Finishing this silicon jigsaw is a new memory controller that's suited to the R9 290X's greater grunt. AMD has pulled off the enviable trick of increasing the overall width to 512 bits, up from HD 7970's 384 bits, but, crucially, doing so whilst decreasing the required space by 20 per cent. This has been done by using space-saving PHYs that, unlike their Tahiti cousins, are not able to clock as high - you gain some space but lose on memory frequency potential. Smaller memory PHYs is one reason why the new chip, at 438mm², is only 25 per cent larger than the HD 7970/R9 280X.

A by-product of using a 512-bit bus is the ability to outfit the card with 4GB of equal-sized memory, which is the standard configuration for the R9 290X. This makes good sense for scenarios where you're running high resolutions and image-quality settings, especially with nascent 4K technology becoming more prevalent in the enthusiast space.

Frequencies, voltage and PowerTune

OK, so we know the R9 290X is faster/better than the previous generation because it has more of the ingredients that define modern-day gaming performance. The innate problem in engineering a bigger, wider GPU rests squarely with keeping power consumption in check. Literally scale up a R9 280X and power-draw will jump way beyond the accepted board limit of 250W.

AMD's solution in keeping maximum board power at around 250W is to use a sophisticated balance between GPU/memory frequencies, temperature and power. Alter one facet and you can manoeuvre the others to some degree. This is why the R9 290X is programmed with a native, guaranteed GPU speed of 800MHz, rising to 1,000MHz under optimum conditions - a take on Nvidia's GPU Boost, if you will. Following this energy-saving line of thinking, card memory is left at a conservative 5,000MHz, most likely due to using the smaller aforementioned memory PHYs.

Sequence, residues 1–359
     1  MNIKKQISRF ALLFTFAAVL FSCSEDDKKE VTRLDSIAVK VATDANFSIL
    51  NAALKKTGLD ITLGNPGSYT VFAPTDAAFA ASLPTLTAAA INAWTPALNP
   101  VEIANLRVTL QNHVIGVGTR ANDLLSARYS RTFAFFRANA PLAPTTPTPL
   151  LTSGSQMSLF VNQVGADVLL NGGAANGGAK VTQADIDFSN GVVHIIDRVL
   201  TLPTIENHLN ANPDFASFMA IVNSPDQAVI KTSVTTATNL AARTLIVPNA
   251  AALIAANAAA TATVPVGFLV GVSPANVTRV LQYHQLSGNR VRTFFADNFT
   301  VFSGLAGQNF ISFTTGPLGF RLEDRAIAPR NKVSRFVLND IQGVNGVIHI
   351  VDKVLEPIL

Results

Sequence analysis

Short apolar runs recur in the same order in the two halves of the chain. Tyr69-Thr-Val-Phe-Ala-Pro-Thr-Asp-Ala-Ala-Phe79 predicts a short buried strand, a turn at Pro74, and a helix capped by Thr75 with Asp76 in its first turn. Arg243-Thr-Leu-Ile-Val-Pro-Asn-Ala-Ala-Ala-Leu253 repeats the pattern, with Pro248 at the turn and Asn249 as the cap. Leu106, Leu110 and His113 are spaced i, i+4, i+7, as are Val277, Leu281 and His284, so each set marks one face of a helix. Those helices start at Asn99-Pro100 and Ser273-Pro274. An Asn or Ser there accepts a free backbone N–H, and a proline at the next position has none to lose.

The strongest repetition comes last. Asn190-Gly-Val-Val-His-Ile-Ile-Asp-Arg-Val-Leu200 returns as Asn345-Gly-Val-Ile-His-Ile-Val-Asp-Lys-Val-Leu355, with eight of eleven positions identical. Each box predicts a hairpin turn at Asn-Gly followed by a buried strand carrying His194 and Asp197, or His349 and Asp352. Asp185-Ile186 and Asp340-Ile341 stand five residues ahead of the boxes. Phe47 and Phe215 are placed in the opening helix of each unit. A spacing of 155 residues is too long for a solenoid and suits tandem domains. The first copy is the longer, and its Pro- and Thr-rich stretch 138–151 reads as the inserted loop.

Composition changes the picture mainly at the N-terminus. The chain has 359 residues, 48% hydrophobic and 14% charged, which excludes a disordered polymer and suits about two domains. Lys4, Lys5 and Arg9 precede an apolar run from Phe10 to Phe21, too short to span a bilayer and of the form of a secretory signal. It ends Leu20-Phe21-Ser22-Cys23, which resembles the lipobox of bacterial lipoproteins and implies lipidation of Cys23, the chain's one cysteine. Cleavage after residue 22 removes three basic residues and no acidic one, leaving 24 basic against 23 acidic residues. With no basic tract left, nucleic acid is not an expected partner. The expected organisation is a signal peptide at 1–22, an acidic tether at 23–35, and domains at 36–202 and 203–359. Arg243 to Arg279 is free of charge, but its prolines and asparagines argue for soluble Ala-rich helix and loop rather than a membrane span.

By default the GPU is programmed to run with a toasty temperature target of 95°C. AMD's new PowerTune hardware uses a second-generation serial VID interface and VR controller, also seen on certain APUs, and they provide 255 voltage steps and 6.25mV granularity. This means the GPU's voltage and frequency can be controlled like never before. The card can be set to run at a very precise wattage, the fan-speed can be set to within tight parameters, and ideal temperature to within a single degree. The purpose is to extract the most performance for a given power and thermal budget.

You set the desired parameters - wattage, temperature, etc. - and the GPU ramps up in accordance. There's no guarantee that it will hit 1,000MHz every time, but loosen off the shackles, at the expense of power, noise and temp, and the R9 290X will run faster. We'll show you just how this correlates to real-world gaming in the benchmarking section.

More integration than ever before

AMD removes the need for external CrossFire connectors by integrating a hardware DMA engine within the silicon. This compositing block enables direct access between the GPUs' displays through the PCIe bus. R9 290X is plumbed with six display connectors, bifurcated between two dual-link DVI, HDMI, and a single DisplayPort that supports a trio of multi-stream transport-attached displays.


There has been plenty of conjecture surrounding the R9 290X's price. AMD has come in at $549, thus heavily undercutting the $899 GeForce GTX Titan and being $100 cheaper than the GeForce GTX 780. This is a huge deal should the card perform to the levels intimated by the specifications.


AMD's Radeon R9 290X is the biggest GPU ever produced by the company. Weighing in at 6.2bn transistors and ostensibly a scaled-up version of the Radeon HD 7970/R9 280X, albeit with a number of improvements. Drawing a very tenuous analogy, R9 290X is akin to adding an extra lane and traffic-management system to the Radeon HD 7970/280X three-lane motorway. The end result is a wider road that's primed to keep traffic (read instructions) moving along nice and efficiently.

So massively wide at the top and the bottom, AMD is bullish about the range-topping GPU's potential for running games at a 4K resolution. But before we go that far, let's use this review to examine if it can handle Nvidia's GeForce GTX Titan and GTX 780 GPUs. The on-paper specifications suggest that AMD should have the upper hand - the R9 290X has more compute and memory bandwidth on tap - but Nvidia GPUs tend to punch above their weight in games.